Taste

A New Onboard Menu that Pays Homage to 1893

Norwegian food never forgot its roots.

WORDS TIM McGLONE

Taste

A New Onboard Menu that Pays Homage to 1893

Norwegian food never forgot its roots.

WORDS TIM McGLONE

Local King Crab.

It would be slightly misleading to say Norwegian cuisine has come a long way since Hurtigruten’s original voyage in the late 19th century.

Sure, it’s been modernised and influenced by cuisines from further south – not to mention the globalisation that has brought western fast-food conglomerates barging in like everywhere else. Yet Norway’s food has managed to retain many of its traditional core values. If a passenger from that maiden voyage almost 130 years ago was to see a menu from a modern Norwegian restaurant today, they would have no trouble recognising the meals available. Fresh seafood from the bountiful North Atlantic and Arctic oceans still underpins much of the diet and economy of Norway, while reindeer herds in the north provide another traditional staple. In fact, while small-scale farming and ‘paddock to plate’ have become fashionable throughout the rest of the world they have both been commonplace here for years. In other words, Norway was doing it before it was cool. This is something Hurtigruten’s Head Chef Øistein Nilsen is proud of. “It’s one of the core values of our food. Hurtigruten are actually sailing over the world’s best seafood platter in a way,” Nilsen says.

Soup, fish, meat, dessert and coffee on the menu in 1931.

A Hurtigruten dining room circa 1930.

Seafood is very important to our country, and a lot of our food is sourced from this sea.

— Head Chef Øistein Nilsen

Hurtigruten Head Chef Øistein Nilsen.

“Seafood is very important to our country, and a lot of our food is sourced from this sea. “It’s a no-brainer that we need to use the shellfish and seaweed that grows along the coast of Norway, and it’s the best seafood in the world. “With the cold waters and the nutrients that come from the Atlantic, it’s quite amazing how good the quality of the fish is. “But I would say the flora, the herbs, the meat, and the farms along the coast are equally important as the seafood, because they all make up Norway’s coastal cuisine.”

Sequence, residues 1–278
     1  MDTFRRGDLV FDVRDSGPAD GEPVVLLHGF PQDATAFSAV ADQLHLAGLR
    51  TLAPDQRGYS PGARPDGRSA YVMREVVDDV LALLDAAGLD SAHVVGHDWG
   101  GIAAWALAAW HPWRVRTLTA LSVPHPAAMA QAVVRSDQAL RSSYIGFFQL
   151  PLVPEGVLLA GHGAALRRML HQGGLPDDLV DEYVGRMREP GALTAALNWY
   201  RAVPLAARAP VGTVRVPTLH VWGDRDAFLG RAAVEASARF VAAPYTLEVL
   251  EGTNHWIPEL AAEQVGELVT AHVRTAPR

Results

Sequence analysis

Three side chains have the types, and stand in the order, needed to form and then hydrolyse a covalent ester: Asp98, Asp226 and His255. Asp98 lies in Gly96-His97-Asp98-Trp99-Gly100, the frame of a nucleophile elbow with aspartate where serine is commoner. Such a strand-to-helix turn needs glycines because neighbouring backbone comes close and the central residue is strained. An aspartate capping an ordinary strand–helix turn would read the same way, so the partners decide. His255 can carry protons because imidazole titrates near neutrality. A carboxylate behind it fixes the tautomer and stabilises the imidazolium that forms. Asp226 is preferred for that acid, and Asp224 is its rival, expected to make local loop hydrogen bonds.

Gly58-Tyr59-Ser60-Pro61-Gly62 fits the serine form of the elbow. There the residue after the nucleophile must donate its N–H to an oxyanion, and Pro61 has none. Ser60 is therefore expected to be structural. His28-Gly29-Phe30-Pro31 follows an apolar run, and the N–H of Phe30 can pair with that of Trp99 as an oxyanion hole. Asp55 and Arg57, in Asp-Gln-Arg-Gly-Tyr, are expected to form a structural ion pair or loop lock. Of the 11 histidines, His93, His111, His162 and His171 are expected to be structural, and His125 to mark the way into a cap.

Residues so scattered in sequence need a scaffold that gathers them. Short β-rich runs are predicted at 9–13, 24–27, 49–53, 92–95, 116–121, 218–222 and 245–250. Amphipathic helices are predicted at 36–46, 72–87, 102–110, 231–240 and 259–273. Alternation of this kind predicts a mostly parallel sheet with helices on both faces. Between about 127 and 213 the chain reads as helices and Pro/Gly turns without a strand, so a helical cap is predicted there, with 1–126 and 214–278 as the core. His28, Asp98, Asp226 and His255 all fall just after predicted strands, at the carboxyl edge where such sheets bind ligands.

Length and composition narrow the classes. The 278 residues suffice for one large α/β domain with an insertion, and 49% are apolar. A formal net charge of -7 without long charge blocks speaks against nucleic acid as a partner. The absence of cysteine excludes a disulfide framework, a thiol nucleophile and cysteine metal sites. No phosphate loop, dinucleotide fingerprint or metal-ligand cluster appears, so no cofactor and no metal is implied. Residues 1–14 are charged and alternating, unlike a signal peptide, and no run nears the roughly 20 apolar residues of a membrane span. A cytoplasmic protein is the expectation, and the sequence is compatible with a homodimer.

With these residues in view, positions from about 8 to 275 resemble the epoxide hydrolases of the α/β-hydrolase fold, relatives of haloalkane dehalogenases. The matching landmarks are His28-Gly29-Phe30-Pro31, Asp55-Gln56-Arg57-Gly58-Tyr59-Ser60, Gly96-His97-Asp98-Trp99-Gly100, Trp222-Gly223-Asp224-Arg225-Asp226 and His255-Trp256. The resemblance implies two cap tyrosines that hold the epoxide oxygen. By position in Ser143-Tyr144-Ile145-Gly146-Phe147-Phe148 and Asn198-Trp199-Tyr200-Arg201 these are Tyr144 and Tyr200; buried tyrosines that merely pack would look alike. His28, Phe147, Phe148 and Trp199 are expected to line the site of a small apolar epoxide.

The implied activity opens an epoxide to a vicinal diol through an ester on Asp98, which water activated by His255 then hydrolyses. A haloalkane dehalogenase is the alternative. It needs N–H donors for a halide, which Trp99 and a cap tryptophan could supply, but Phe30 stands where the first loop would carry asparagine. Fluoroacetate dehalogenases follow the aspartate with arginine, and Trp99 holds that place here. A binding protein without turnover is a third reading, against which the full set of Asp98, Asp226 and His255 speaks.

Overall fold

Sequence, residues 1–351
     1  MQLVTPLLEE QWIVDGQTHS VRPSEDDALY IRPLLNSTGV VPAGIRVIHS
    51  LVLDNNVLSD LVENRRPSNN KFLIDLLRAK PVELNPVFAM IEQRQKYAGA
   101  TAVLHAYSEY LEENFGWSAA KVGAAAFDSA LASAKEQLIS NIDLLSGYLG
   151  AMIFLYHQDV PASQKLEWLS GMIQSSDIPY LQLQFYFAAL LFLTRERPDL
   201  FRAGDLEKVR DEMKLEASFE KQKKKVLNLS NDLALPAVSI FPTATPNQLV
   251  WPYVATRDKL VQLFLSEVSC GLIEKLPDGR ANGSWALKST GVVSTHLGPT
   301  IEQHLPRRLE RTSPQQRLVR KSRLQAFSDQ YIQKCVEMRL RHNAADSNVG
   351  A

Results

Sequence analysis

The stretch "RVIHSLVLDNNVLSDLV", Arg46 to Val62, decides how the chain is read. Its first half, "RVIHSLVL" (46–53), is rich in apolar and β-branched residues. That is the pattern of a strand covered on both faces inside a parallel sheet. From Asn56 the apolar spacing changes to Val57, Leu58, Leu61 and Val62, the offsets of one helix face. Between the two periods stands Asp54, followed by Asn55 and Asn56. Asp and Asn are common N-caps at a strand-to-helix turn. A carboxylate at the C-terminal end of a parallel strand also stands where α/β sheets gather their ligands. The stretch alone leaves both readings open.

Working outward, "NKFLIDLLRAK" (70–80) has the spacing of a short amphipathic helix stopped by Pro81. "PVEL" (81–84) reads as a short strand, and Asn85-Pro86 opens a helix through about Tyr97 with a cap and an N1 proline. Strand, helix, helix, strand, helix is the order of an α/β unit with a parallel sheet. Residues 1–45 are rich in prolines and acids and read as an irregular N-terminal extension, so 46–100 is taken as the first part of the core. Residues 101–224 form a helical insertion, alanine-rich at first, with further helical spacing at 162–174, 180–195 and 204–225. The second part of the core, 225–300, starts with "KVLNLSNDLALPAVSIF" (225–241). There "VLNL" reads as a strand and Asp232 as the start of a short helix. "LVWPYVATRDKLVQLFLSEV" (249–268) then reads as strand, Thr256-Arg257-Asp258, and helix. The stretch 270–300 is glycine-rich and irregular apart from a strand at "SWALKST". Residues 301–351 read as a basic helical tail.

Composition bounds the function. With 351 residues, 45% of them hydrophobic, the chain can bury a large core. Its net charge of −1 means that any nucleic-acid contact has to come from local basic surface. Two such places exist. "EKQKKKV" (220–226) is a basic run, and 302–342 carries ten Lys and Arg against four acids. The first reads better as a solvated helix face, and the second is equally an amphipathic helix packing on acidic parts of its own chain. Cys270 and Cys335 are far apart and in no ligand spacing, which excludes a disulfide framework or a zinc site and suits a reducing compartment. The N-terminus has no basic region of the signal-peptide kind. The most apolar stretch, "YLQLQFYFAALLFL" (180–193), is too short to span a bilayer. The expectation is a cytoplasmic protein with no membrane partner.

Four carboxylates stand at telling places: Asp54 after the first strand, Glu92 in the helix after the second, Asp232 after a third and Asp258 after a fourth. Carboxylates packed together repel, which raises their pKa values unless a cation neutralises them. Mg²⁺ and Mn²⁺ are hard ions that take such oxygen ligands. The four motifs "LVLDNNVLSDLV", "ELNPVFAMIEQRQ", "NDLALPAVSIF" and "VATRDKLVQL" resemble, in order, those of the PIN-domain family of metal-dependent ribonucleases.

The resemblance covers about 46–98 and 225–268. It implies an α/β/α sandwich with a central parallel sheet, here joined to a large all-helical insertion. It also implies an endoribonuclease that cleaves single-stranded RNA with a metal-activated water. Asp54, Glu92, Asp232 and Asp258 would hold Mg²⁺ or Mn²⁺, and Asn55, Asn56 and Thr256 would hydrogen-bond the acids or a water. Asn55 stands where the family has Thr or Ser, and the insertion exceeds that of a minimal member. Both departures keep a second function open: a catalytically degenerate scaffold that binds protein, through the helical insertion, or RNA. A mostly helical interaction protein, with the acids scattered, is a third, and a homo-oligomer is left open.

The world's best seafood is along the coast of Norway, according to Nilsen.

Generally, Hurtigruten might change the menu twice a year to reflect seasonal changes, but Nilsen is also preparing a special menu for next year’s 130th anniversary celebrations. The strategy is not to recreate what was being eaten in 1893, but to pay homage to it. Not that this is particularly difficult when you consider Norway’s commitment to culinary tradition. “We will try to go back in time,” he says. “It’s a long time ago. I don’t know if there were refrigerators back then. They would have been eating a lot of salted meat, cured fish, smoked fish and smoked meat – things that could last a long time without proper temperature gauges.

Nilsen has been with Hurtigruten for a decade.

Dinner served at Torget restaurant on board MS Polarlys.

“They boiled a lot of the meat and fish. There were bread puddings, easy desserts, and compotes. “And if I combine that with what we are doing now, I think it’s easy, because we are doing a lot of traditional dishes already.” Born in the very north of the country, in Kirkenes, Nilsen studied there for several years before moving to Oslo where he worked at the Michelin-starred restaurant Bølgen og Moi. After a long stint there he joined Hurtigruten, where he has been for the last 10 years.

The menu generally changes twice a year, to reflect seasonal changes in produce. In 2023 there will be a special 130 year anniversary menu.

King crab has a sweeter, milder flavour compared to traditional crab meat.

Paddock to plate has become a popular trend, but was already commonplace in Norway.

Nilsen himself is in many ways the archetypical Norwegian chef, from his background right through to nominating his favourite dish. “Reindeer. Is that too boring?” he laughs. “It’s very Norwegian, I guess.” “The one that I like is reindeer with mushroom, lingonberry sauce, potato mash and then cabbage and onion. It’s very good. In fact, it’s a classic.” It’s this pride in their own that seems to permeate Norwegian food, and is perhaps why they have remained true to character over the years. But when tried-and-true recipes of deliciously fresh food keep ending up on your plate every night, who would want to change it?

Four quintessential Norwegian dishes you should try:

Brunost

A brown cheese made from cow and goat milk, that has been described as sweeter and sharper than a regular cheese. It’s a regular fixture in most pantries, maybe most akin to Vegemite for Australians – you either love it or hate it. A brown cheese from Stordalen Gardsbruk even won the silver medal at a recent World Cheese Awards.

Kleppmelk

Kleppmelk is a thick sweet dessert soup filled with doughy dumplings. This one puts a new spin on the word traditional - going right back to the Viking days.

Smalahove

Not for the faint hearted. A dish made from a sheep's head, traditionally eaten before Christmas. So says Nilsen: “When it comes to every country’s food there is always some weird traditions that they do.

“I guess we have Smalahove.”

King Crab

Only discovered in Norway in the 1970s, the king crab now reigns supreme when it comes to Norway’s seafood dishes. King crab is comprised of white flesh with streaks of red and a mild, sweet flavour that is often compared to lobster.

Discover Norway's Coastal Kitchen. Fresh ingredients, sourced where we sail.

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